Philipp Fürhofer

 

“In me there are two souls, alas...”, Faust’s famous inner conflict also applied to young German artist, Philipp Fürhofer. In love with both art and music, Fürhofer grew up torn between pursuing a career as an artist, and as a pianist. Though he decided on art, music, and most notably opera, remain extremely important in his life and influential for his art practice.

Born in Augsburg, Bavaria in 1982, Fürhofer moved to Berlin to study under Hans-Jürgen Diehl at the Berlin University of the Arts in 2002. While there, he was visited by Hans Neuenfels, highly regarded for his work in experimental theatre. Neuenfels discovered Fürhofer’s love of opera and invited him to assist him in stage design at theatres in Bayreuth and Zurich. It was this introduction that lead Fürhofer to the unique position he occupies today: he has created award winning set designs for many of the world’s foremost opera houses including London’s Royal Opera House and the Dutch National Opera in Amsterdam, while remaining fervently committed to his fine art practice.

Fürhofer’s arrestingly beautiful art works are multi-layered and entrancing. They function as light boxes, but also as paintings. Depending on whether the light is turned on or off, the contents are either illuminated or shrouded for the viewer. In the works where the light rhythmically switches on and off via a timer, the viewer has to concentrate in order to consume the information relayed in these alternating states. This game interferes with the more straightforward act of looking that a viewer might adopt when perusing a traditional painting, instead placing him in a much more active role where he is encouraged to move around the work and adopt different positions of engagement.

Through his work for the stage, Fürhofer learnt how to captivate an audience by drawing them into a space in a constant state of flux, so that there is always something new unfolding for the duration of often lengthy performances. It is Fürhofer’s awareness of the role of the viewer, that casts him in such a unique position as an artist. Not only is the viewer active, rather than passive in relation to his practice, the spy-foil surfaces of Fürhofer’s works reflect the viewer when the light is off, and then banish his reflection when the light is on, causing him to look beyond his own image and into the interior of what the work contains. An easy comparison to arrive at when considering Fürhofer’s practice, is a corporeal reading of the work. Indeed Fürhofer was first inspired to create his multi-layered objects with their light tubes, bulbs, rubber pipes and blend of organic and inorganic matter, after looking at x-rays of his own chest cavity when he was lying in a Berlin hospital. The strange sense of dislocation between looking into an image of one’s own insides, while simultaneously presenting a contained, apparently hermetically sealed vessel to the outside world, was a strange, but inspiring paradox for Fürhofer.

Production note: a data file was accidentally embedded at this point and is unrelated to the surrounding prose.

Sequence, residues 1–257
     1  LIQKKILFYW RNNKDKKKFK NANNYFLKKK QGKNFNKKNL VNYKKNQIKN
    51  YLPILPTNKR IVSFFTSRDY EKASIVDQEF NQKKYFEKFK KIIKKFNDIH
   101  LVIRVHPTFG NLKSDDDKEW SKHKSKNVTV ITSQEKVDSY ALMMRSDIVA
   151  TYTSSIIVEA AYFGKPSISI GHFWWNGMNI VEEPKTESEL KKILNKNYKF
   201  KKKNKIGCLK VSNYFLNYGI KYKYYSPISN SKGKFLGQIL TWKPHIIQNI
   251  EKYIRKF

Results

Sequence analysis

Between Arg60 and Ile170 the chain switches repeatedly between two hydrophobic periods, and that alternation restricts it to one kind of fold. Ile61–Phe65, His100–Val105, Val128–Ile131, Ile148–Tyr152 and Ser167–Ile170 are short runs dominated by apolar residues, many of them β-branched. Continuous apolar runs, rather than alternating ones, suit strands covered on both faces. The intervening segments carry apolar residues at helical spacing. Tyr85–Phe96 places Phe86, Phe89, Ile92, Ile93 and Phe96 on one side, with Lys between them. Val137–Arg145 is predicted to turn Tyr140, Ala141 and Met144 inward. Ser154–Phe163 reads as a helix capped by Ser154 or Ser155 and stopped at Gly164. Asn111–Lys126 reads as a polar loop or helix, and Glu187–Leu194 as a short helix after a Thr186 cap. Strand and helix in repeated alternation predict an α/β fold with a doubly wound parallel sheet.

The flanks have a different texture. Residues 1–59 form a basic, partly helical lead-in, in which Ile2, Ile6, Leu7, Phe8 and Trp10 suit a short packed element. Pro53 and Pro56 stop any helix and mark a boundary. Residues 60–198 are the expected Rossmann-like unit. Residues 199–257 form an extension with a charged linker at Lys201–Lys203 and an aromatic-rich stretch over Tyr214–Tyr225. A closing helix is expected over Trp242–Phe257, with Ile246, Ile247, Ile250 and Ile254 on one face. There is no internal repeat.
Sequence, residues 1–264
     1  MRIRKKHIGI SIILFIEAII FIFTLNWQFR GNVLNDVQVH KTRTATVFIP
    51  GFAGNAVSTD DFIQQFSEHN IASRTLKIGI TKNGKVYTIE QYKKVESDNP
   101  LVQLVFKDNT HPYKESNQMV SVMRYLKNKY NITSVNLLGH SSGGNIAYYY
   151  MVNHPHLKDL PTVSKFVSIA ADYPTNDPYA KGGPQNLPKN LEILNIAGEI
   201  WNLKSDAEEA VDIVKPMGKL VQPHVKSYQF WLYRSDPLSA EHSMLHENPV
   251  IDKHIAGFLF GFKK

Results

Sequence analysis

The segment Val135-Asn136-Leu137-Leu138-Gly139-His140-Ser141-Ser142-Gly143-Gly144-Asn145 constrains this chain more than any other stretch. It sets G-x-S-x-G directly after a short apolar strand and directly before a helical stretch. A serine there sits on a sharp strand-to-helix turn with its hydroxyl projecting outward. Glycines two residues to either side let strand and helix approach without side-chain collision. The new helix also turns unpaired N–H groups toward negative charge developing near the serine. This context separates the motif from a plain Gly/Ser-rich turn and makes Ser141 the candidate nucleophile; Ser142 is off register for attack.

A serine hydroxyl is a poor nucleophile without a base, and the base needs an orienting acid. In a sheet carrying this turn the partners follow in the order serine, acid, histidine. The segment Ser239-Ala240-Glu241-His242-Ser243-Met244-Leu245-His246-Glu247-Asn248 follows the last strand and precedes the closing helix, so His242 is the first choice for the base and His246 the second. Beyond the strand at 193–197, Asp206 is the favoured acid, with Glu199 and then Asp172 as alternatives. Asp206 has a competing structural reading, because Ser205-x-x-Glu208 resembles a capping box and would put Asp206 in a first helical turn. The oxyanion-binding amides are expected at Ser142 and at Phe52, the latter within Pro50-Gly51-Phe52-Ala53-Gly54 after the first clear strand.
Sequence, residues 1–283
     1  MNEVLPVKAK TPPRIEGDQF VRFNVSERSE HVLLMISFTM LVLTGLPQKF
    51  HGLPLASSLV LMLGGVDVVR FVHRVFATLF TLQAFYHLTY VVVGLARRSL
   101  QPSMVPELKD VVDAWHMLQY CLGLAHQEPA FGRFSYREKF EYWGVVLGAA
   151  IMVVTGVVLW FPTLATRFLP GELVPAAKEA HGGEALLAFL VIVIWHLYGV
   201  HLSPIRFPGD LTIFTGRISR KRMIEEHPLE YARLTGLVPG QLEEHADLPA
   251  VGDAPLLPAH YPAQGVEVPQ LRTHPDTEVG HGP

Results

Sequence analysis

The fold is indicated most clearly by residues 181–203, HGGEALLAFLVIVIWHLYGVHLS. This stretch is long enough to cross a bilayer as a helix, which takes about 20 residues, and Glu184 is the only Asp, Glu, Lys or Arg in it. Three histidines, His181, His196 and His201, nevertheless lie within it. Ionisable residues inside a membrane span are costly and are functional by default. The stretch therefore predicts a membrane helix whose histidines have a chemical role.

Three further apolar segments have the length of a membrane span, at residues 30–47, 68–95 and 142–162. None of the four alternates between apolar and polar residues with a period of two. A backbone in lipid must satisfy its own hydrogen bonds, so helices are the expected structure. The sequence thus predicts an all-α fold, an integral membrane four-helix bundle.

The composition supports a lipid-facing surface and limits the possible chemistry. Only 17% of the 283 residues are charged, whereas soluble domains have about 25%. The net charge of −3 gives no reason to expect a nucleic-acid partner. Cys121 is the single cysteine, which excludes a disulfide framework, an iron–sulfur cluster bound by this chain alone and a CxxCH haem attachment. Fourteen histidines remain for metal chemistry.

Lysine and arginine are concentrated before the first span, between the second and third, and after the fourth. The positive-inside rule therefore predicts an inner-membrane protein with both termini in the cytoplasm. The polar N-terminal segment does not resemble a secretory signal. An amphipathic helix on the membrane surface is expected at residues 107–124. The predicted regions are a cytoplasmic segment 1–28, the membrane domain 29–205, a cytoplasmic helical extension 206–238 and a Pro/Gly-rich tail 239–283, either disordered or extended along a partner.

It is important not to confine his practice to a strictly physical interpretation. There is a strongly spiritual quality to Fürhofer’s creations. They not only encourage the viewer to participate in a visual game of looking and remembering, ordered by the controlled time frame, their evocative nature prompts the viewer to slip between temporal and spiritual planes, and reach for a higher order of things inspired by beauty, art and music. There is a strange poetry inherent in the everyday - even in the detritus that spills over in our lives - and Fürhofer is adept at capturing this, playing with the stereotype of creating a sense of theatre through experimenting with smoke, light and mirrors. At the heart of his practice though is a serious core: grounded in a deep awareness of the fragility of human existence and the interface between the spark of life and creativity and the shadowland that waits in the wings.

Fürhofer’s work has been exhibited around the world in galleries in Hamburg, Milan, Berlin, Sydney, Cologne, Munich and Hong Kong. In 2012 the Bavarian National Museum, Munich, presented his solo exhibition Breakthrough. He has been the recipient of numerous awards including the Nextgastein Artist Residency at Bad Gastein, Austria, 2011.

He lives and works in Berlin.